But I’ve come to think this is not a complete explanation. There are some who fail to see the point of Black Lives Matter protests who do not live entirely in a right-wing media bubble. They are exposed to other information sources. For them, the problem is not lack of information, but something more complicated.
I don’t have all the data, of course, but I assume Trump supporters are in most regards the same as everybody else. That is, we all have basically the same physical make up, the same genetic components, and the same brain structures. There are individual variations among Trumpists, with some being loud and obnoxious, and others quiet and thoughtful. I’m sure there are many who are loving parents, good employees, and charitable community members. There are certainly some that I like as people and respect, except for their Trumpism.
The big difference between us has to do with information processing. We ordinarily think that if we see, say, a star, everyone in the vicinity is seeing the same thing. Similarly, if we hear a story about children being separated from their parents and held in cages, or about hundreds of thousands of people dying in a pandemic, we think our reaction is about the same as everyone else’s. But this, it turns out, is not necessarily so.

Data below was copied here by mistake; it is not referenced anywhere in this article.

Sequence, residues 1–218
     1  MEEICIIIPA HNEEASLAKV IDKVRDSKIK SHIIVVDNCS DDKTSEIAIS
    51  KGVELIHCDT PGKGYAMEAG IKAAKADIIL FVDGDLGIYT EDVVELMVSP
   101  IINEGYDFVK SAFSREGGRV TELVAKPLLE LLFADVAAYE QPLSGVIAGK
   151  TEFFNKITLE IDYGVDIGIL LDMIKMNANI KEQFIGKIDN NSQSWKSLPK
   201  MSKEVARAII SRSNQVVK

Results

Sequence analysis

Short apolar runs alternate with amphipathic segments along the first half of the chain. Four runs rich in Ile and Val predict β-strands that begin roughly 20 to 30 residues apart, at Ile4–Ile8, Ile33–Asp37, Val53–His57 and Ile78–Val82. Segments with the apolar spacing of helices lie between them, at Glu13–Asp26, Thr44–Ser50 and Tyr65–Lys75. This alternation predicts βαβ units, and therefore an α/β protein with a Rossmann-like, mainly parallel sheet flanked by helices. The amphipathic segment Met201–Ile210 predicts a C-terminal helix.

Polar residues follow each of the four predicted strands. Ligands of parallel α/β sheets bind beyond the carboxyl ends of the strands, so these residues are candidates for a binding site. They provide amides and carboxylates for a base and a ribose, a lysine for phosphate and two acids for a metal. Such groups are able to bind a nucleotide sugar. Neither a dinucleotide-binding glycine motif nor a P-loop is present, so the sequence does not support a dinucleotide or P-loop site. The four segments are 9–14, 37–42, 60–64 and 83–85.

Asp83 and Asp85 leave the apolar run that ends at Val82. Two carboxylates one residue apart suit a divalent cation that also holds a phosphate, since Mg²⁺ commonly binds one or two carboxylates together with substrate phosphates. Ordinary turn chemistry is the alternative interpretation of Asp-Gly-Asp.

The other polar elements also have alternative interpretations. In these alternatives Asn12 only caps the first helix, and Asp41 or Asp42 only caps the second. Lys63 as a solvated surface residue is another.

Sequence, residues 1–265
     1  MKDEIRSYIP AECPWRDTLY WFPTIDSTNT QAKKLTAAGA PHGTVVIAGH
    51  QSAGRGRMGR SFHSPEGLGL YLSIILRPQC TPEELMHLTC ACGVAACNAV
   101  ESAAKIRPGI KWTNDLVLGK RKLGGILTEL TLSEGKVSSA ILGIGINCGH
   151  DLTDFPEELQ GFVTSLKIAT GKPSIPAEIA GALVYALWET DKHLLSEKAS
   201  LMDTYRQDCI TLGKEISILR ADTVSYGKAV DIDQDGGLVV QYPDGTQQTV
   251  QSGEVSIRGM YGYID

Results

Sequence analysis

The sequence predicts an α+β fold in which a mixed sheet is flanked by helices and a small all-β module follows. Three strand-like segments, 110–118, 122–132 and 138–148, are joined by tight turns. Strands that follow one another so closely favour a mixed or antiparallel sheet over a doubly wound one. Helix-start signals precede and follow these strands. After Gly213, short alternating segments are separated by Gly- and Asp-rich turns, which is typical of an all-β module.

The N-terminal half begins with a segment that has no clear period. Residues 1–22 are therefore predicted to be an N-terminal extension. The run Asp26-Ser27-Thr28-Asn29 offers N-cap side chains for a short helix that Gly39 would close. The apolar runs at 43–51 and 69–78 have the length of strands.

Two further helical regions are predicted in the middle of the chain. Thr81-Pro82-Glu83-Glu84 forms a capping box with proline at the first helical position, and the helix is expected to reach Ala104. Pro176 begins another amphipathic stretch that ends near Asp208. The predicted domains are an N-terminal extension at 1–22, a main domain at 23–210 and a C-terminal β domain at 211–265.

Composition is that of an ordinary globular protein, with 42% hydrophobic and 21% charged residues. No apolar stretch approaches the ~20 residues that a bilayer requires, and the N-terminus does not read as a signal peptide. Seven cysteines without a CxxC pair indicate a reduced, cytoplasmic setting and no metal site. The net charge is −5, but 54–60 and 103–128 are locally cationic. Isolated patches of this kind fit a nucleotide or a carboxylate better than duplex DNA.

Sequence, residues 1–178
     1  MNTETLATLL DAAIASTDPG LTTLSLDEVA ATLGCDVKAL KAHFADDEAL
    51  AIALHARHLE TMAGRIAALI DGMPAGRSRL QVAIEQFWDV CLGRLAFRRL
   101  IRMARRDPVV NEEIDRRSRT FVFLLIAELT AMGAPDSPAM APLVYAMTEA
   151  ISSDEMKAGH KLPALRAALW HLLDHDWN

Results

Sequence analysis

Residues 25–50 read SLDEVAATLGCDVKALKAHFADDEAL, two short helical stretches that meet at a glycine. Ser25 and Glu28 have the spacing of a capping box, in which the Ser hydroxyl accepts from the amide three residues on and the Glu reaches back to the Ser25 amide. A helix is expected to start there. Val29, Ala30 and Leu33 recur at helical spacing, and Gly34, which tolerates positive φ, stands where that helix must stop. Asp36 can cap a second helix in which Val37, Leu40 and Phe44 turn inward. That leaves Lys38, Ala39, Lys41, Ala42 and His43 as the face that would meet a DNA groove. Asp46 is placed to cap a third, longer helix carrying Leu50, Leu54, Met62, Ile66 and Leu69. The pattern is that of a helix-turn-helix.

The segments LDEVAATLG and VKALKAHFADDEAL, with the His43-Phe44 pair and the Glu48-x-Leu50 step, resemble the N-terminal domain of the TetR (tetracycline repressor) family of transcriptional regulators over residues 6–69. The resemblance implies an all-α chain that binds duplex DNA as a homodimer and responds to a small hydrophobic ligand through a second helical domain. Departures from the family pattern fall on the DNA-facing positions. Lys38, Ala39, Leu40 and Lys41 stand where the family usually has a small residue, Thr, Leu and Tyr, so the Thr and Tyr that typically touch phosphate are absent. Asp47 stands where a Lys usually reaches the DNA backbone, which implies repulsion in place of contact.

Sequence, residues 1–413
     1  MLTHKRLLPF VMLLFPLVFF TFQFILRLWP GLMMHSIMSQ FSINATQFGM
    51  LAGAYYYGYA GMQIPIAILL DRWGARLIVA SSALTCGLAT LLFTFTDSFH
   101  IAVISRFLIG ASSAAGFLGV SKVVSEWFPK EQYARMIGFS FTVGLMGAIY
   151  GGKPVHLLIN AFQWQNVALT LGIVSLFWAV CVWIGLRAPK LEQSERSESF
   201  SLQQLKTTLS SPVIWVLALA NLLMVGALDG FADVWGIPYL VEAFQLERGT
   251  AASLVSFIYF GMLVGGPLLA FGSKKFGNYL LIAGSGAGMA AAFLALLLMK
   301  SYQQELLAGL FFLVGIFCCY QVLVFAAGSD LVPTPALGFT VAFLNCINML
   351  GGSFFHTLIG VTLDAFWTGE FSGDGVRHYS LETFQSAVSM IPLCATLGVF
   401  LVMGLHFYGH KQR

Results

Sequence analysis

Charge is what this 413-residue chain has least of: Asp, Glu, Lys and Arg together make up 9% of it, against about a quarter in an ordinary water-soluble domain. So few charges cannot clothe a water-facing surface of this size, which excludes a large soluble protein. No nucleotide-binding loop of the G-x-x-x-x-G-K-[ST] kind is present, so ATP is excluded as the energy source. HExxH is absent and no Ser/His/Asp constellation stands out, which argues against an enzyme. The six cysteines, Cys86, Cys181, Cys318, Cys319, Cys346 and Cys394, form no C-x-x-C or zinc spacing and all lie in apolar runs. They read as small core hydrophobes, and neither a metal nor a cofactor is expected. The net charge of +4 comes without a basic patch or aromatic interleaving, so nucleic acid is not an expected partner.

We don’t usually think of reality as something we each create and maintain with our brains, but it is, in a way. As infants, we learn to distinguish significant from insignificant, and pay attention mostly to those things that are either pleasant or threatening. Eventually we learn how, without conscious effort, to filter out the great majority of sound waves, light waves, and other potential stimuli.
We couldn’t function otherwise. Our brains don’t have the processing power to render coherent all the sound, light, and other physical activity around us. We can choose to train ourselves to notice some things we might not otherwise notice, like rocks that may actually be fossils or meteorites. But in general we take the mental framework we’ve built up, and don’t perceive much outside of it.
Our social reality is similar, in that it’s something we each construct, piece by piece. We start as infants learning who and what to trust, and who and what to fear. We accumulate a library full of working assumptions about what sort of behavior is normal, and what sort is alarming. And we situate ourselves in communities of people with similar assumptions about normal and abnormal ideas and behavior.